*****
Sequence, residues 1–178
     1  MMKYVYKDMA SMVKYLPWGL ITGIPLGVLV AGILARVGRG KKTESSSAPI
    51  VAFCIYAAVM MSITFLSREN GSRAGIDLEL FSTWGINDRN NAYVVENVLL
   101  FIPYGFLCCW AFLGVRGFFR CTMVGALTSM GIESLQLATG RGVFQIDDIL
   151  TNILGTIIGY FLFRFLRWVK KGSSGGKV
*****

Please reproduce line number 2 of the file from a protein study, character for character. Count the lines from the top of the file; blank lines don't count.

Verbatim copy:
     1  MMKYVYKDMA SMVKYLPWGL ITGIPLGVLV AGILARVGRG KKTESSSAPI